Critics’ Picks

Moris, Mi casa es tu casa (My house is your house, detail), 2010, mixed media, dimensions variable. Installation view.

Los Angeles


MOCA Geffen Contemporary
152 North Central Avenue
January 30–May 1

For a new installation commissioned by the Los Angeles Nomadic Division (LAND), the Mexico City–based artist Moris inscribed the contents of a letter from the United States government—denying his application for a work visa—on an exterior wall of the Museum of Contemporary Art. In a deft use of appropriated text and site-specificity, oversize letters make the ubiquitous, even rote, into a monumental force. Despite the large population of Mexicans and Mexican Americans in Los Angeles, it’s likely that many Angelenos rarely consider the impact of such a letter on individual lives and families, a narrative writ large on the imagination in view of the magnified text.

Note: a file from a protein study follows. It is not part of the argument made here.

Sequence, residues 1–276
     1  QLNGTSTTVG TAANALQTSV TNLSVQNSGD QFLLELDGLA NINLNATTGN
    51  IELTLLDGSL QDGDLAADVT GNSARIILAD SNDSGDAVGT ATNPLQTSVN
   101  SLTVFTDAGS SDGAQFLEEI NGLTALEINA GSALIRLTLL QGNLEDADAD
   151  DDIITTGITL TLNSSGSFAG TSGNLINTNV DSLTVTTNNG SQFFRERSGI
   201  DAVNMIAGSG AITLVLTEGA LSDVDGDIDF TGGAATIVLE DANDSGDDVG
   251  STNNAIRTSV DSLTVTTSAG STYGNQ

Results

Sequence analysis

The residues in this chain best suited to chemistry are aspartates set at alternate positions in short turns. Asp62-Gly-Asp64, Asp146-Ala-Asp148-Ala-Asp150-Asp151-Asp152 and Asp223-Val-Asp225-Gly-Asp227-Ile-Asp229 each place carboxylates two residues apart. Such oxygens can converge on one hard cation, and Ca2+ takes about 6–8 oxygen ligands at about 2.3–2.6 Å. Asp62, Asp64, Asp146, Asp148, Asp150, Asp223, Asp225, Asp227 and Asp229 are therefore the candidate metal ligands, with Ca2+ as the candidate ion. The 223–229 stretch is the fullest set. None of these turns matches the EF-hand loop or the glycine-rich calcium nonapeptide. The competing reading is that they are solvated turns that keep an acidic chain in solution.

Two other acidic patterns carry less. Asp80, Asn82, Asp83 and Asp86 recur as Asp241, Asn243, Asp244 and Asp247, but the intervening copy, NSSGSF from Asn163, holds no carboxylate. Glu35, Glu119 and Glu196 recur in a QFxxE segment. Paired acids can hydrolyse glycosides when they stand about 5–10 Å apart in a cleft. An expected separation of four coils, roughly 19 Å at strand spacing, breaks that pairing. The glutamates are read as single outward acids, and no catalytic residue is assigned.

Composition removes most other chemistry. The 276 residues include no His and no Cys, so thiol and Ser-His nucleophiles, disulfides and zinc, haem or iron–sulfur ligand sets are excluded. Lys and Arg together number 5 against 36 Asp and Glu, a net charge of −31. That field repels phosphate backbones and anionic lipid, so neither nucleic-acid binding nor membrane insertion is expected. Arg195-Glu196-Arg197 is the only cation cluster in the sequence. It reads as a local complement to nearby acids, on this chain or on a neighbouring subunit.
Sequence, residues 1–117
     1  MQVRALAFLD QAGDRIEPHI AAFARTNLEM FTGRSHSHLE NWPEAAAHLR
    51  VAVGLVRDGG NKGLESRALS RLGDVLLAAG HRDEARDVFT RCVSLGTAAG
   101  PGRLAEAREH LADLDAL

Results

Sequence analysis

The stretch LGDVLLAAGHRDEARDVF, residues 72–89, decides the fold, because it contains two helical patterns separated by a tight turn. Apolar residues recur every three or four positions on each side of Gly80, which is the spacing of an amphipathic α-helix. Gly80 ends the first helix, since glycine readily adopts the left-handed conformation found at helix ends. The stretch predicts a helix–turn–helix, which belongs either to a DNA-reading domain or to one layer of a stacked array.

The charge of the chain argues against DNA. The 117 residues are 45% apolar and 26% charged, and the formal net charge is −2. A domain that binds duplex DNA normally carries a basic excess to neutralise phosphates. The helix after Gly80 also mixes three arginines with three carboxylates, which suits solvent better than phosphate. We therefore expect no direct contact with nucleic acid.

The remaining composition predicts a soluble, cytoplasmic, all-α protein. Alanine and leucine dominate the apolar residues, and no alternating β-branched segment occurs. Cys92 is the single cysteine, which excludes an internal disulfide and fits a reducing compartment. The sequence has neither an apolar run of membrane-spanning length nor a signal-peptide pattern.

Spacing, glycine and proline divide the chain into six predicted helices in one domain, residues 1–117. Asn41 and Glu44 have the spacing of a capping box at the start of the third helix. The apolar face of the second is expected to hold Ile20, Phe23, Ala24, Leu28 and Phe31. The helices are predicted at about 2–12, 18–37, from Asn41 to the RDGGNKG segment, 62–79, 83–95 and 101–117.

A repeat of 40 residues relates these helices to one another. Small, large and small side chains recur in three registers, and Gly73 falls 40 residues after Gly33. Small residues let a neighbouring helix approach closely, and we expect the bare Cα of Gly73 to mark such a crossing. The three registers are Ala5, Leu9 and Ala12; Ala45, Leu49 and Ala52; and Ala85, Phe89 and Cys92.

Near the missive are short phrases in Spanish rendered on the steel poles supporting the outside patio. These range from the pithy COMER O SER COMIDO? (Eat or be eaten?) to the mysterious EL PAJARO VA A SU JAULA (The bird goes to his cage) and include enough references to travel and danger to indicate the passage north made by many Mexicans, with or without a visa. On the floor of the museum entryway are a series of portraits. Initially invisible, these images are designed to collect dirt from the shoes of passersby, and faces have begun to emerge, peering up from the ground in smoky gray and white. Notably, all aspects of this installation can be viewed before paying and entering the museum, so the work is essentially free, fluidly continuing the artist’s insightful questioning of the literal and figurative parameters of inside and outside.